Sustainable Forest Management

Only 11 per cent of our land area is forest. In fact there should be much more, because forests contribute to natural value, CO2-sequestration, water regulation, microclimate and the production of the renewable raw material wood. But our forest is being threatened by the impact of climate change: storms, fires, floods and heat. The Sustainable Forest Management research group ensures that the forest can deal with these events and continue to fulfil its important roles. 

Why this research group? 

  • The research group conducts research into the conservation and restoration of forests, and the optimisation of their ecosystem services. 

  • This research fits seamlessly with the Forest and Nature Management study programme, with which we work closely. 

  • We work in teams with the students and partners from the professional field. Together, we address current research questions relating to forest ecology, forest management and the production of the renewable raw material wood. For example, which species of tree should we plant to make our forests more resilient to climate extremes? 

  • We also work with other colleges, institutes of secondary vocational education and universities in the Netherlands, Europe and in tropical countries. Because forests are a hot topic everywhere. 

  • Our research contributes to the transition to an ecologically and economically valuable habitat, in which the forest plays a vital role. 

  • We inspire students to continue our work, because forest management is a long-term story. 

Mission and vision 

The mission of the Sustainable Forest Management research group is to put the forest, as well as more forest, on the map. We do this alongside other educational and research institutions and partners in the professional field. We want to motivate and prepare our students for socially important and challenging positions as forest managers and consultants. 

Research lines 

The group’s research revolves around how to make our forest more resilient to climate change, while preserving various ecosystem functions. To achieve this, we work with several lines of research. 

  1. Revitalise: By planting deciduous species, we revitalise conifer monocultures. Their litter will improve soil quality and thus boost water retention and biodiversity. 
  2. Experiment: We experiment with native and exotic tree species, which may be more resistant to drought. 
  3. Monitor I: We monitor young plantings and forest development, learning which tree species can and cannot survive in a changing climate, and how forest managers can respond.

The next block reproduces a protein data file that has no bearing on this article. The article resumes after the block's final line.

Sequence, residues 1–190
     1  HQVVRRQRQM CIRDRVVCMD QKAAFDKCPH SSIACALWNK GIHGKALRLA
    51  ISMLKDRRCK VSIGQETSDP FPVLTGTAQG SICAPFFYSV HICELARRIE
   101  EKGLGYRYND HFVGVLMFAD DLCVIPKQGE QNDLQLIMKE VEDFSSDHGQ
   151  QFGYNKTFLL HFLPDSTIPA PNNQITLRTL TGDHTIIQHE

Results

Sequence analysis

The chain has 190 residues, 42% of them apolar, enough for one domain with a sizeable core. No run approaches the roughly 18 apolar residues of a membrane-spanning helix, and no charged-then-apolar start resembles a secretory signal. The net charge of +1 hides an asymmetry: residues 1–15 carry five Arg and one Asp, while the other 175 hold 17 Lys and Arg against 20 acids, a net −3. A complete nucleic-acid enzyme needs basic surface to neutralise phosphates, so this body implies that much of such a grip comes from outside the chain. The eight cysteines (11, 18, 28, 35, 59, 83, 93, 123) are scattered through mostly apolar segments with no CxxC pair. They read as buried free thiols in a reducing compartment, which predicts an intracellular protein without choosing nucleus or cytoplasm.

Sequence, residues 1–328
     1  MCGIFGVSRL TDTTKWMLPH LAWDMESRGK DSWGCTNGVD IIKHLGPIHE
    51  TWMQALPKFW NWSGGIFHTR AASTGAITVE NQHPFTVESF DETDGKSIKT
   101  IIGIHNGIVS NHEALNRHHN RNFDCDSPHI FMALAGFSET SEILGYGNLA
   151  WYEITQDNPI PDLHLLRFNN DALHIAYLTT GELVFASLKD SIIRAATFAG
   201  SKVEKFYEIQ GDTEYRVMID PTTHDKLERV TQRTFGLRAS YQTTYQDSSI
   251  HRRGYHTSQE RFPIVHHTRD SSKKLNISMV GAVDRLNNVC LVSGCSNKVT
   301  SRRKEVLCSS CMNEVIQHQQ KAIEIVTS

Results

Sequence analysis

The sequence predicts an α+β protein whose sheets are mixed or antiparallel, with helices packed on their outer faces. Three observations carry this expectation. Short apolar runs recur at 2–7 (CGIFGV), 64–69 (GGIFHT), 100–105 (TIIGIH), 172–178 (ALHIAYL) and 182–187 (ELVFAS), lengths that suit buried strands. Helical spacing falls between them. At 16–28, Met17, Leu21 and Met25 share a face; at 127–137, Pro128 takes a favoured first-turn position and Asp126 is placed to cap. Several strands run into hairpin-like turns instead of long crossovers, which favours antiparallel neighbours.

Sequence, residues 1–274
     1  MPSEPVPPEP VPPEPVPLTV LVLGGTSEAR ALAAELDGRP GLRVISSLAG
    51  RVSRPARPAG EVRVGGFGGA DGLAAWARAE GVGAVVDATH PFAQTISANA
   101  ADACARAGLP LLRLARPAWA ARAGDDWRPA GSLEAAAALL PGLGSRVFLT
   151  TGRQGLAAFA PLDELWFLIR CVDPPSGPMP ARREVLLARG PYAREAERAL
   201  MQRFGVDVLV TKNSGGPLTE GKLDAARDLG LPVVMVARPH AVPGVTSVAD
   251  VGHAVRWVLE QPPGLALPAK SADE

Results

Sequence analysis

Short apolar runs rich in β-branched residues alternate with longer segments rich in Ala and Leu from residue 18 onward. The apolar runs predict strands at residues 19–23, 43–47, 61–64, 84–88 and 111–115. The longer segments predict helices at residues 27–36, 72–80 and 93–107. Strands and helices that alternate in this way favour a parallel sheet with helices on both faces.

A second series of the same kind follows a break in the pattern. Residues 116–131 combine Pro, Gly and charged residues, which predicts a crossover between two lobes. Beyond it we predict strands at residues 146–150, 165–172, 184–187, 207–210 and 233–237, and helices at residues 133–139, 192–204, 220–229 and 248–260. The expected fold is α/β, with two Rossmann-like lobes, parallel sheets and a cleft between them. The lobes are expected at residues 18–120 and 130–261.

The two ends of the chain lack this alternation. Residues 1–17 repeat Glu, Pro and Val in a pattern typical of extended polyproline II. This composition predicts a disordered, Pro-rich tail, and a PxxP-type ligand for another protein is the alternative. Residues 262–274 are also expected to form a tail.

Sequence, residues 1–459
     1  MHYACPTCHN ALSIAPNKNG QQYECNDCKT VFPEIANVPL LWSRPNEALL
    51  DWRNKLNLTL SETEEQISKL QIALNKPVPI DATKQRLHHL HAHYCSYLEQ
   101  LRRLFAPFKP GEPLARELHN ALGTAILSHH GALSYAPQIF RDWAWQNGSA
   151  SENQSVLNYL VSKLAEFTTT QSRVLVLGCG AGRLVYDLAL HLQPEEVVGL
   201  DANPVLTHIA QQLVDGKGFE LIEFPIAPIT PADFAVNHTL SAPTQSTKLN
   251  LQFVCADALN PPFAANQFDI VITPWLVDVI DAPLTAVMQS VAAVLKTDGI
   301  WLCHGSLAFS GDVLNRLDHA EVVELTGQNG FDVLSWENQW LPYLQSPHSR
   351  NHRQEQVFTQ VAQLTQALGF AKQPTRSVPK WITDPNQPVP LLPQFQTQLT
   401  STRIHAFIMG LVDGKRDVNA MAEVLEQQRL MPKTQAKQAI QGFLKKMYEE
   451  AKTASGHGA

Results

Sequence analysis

4. Monitor II: Through annual tree-ring surveys, we monitor the long-term growth activity of trees. And tree sensors enable us to track the impact of drought on tree growth. We can thus quantify how extreme weather conditions affect forest productivity and vitality. 
  5. Produce: Wood - as a renewable building material - is a good substitute for concrete and steel (materials with a negative ecological footprint). We therefore promote the sustainable production of wood. Also in forests in the Netherlands, if possible. For example, we explore opportunities to produce fast-growing deciduous tree species for applications in construction


Since its launch in 2023, the research group has been a coordinator and partner in projects relating to forest restoration and forest management. 

Current projects 

  • Vital and Versatile Forest: In Vital Forest, we look for management measures to increase the diversity and thus resilience of the Dutch forest. The affiliated project Versatile Forest supports forest managers in their choice of appropriate management measures. 
  • Wood it be possible: Together with Wageningen University & Research (WUR), we identify what obstacles exist to the application of sustainable wood in construction. In doing so, we scrutinise the entire chain - from forest to wood use. 
  • EUROSILVICS: In this project, we are developing a European educational platform on forest ecology and forest management. WUR coordinates, while the Sustainable Forest Management research group is an associate partner. 
  • COMBINED: How do climate change and biodiversity interact? And what measures can we take to create resilient forests and landscapes? A broad consortium is looking into this. 

We are also focusing on tropical forests, such as making palm oil plantations in Asia more sustainable, and reforestation in Africa. The details? Check the projects of the Oil Palm and Tropical Forests research group of associate lecturer Peter van der Meer. 


Research from the Sustainable Forest Management research group results in various publications: peer-reviewed and professional journal articles, research reports, opinion pieces and podcasts. This is how we make research visible to fellow scientists, but also to the general public. There is a lot of interest, because forests and trees are 'hot'. 

Key publications